Both networks are showing Season 2 of Unreal, the Peabody award winning dramedy series that takes a behind the scenes look at the making of a fictional reality show loosely based on The Bachelor.  Full disclosure:  I watch almost no reality programming (OK, I confess to watching So you think you can dance, but only for the final episodes, never for the introductory casting episodes of the show where delusional people audition with very poor dancing skills). Unreal is raw, cynical and boldly sexual.  It shows how these shows manipulate everyone involved in their production and how this supposed “reality” is totally written, cast, and produced by an unscrupulous production team that will stop at nothing in its drive for ratings.

BBC Canada

13 is a very dark British mystery series which tells the story of Ivy Moxam who escapes her kidnapper after 13 years of being held captive.  Piecing back together the version of family life that existed before is no easy task.  This series is very similar to The Family (starring Joan Allan) that aired on ABC earlier this year. Both series look at the possibility that the returned child may not be who they say they are.


This network is running two new original series.  The Preacher is a wild and crazy look at a preacher with supernatural powers; Feed the Beast is a contemporary hipster look at two old friends’ attempt to open a gourmet restaurant in the Bronx  and is starring David Schwimmer and Tom Sturgess.  John Doyle was underwhelmed by the debut episode:

Hell on Wheels has returned to AMC on Saturday nights. This thrilling adventure series follows the story of Cullen Bohannon, a former Confederate soldier and slaveholder, who follows the track of a band of Union soldiers, the killers of his wife.  This brings him to the middle of one of the biggest projects in US history, the building of the transcontinental railroad.  This season opens with his confrontation with his series long nemesis, Thor Gundersen, who has decided to wreak revenge on Bohannon’s new homesteading family.

The American West follows Hell on Wheels and is a look at the real history of the American West.  I have recorded the first episode, but haven’t had a chance to watch yet.


The Americans drew its last breath of the season this past week and ended on a cliffhanger note. The two Soviet agents posing as a typical American family seem to be backed into a corner as their FBI pursuers are closing in on them.  This subtly nuanced show is a very adult show that depicts the lengths this couple is willing to go to to carry out their mission.  Elizabeth Jennings is the hardcore Russian agent, whereas Philip is much more conflicted about their mission.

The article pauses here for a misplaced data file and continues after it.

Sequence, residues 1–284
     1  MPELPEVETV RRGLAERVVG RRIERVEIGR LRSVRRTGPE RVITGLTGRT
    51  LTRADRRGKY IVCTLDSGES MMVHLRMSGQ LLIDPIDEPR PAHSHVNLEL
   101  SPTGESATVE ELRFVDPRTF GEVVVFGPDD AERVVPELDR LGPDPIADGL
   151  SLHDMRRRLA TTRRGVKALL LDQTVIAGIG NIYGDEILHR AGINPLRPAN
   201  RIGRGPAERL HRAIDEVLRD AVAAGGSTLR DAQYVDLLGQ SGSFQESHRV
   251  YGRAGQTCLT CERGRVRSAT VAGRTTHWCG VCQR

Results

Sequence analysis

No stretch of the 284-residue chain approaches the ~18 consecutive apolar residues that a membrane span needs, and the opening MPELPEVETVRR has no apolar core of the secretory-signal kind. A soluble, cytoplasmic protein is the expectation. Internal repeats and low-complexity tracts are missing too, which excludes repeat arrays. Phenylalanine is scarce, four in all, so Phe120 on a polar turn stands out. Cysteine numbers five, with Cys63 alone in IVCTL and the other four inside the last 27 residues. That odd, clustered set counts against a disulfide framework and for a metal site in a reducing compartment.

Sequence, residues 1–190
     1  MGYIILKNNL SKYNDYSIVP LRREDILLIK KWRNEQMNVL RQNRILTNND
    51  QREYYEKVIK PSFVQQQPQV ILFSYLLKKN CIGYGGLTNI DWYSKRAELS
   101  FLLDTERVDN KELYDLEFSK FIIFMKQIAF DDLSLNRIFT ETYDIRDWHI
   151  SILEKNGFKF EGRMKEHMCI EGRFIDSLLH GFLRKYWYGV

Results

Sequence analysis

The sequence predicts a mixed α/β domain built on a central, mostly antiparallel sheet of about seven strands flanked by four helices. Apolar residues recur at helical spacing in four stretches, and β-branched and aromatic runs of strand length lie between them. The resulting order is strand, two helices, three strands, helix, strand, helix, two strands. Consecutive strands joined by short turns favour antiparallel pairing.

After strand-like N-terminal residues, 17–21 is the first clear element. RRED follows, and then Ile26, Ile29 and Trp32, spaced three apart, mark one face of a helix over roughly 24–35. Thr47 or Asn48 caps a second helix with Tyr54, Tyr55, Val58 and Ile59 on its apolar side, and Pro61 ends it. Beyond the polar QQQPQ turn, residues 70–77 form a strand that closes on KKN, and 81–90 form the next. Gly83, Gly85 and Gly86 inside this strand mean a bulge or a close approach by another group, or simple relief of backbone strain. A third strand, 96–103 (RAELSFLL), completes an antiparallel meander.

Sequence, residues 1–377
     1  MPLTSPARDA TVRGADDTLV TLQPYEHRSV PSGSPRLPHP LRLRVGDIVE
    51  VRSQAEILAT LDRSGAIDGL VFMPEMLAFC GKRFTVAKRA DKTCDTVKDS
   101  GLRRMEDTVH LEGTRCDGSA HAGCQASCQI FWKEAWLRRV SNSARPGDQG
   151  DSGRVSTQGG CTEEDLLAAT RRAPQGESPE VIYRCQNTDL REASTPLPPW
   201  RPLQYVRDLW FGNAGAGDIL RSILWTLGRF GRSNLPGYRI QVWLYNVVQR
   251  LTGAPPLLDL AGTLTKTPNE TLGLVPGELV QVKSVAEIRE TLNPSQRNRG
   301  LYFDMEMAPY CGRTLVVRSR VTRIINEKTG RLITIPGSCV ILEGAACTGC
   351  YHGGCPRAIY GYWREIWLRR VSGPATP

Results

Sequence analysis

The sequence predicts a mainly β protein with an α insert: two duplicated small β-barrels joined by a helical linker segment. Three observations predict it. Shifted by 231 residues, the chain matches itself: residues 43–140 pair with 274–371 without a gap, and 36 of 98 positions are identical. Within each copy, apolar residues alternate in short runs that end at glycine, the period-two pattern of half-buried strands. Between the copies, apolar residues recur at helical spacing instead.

Coming soon

John Doyle has a couple of articles focused on upcoming summer programming:


Outcast is a series that deals with demonic possession. John Doyle was very impressed:

I am still enjoying HBO’s Sunday night lineup of Game of Thrones, Veep, Silicon Valley, Sensitive Skin, Penny Dreadful and Last Week Tonight with John Oliver. Truly an embarrassment of riches requiring very careful PVR management.


The Tony Awards airs tonight and is hosted by the very lovable James Corden.  It looks like Hamilton will get a lot of love, but look for the other musicals and plays that are on Broadway this season.  We are spending a mini-holiday in NYC in Sept. and I am looking forward to seeing as many plays as I can that week.


Into this category I put Last Week Tonight with John Oliver, The Daily Show with Trevor Noah, The Late Show with Stephen Colbert, Real Time with Bill Maher, Full Frontal with Samantha Bee.  All these shows are having great fun with the run up to the 2016 election, and god knows, we need to find the humour in this presidential race.

Final Words

As I was watching my Sunday morning show that always calms me and inspires me, the show was preempted by news of the latest mass shooting in Orlando, Fl.  At this point, 50 people have died, making it the worst mass shooting in US history.  There are no words to express the sorrow and horror that this incident is causing.  Americans will hopefully look at the availability of automatic weapons that can result in this type of carnage.  Sadly, this type of incident has become so commonplace, that it may not even cause the public to re-examine the conditions that led to this tragedy. It has already been blamed on terrorism linked to ISIS, and so will cause the media to look outward rather than into the American gun laws that precipitate these mass shootings. Unbearably sad.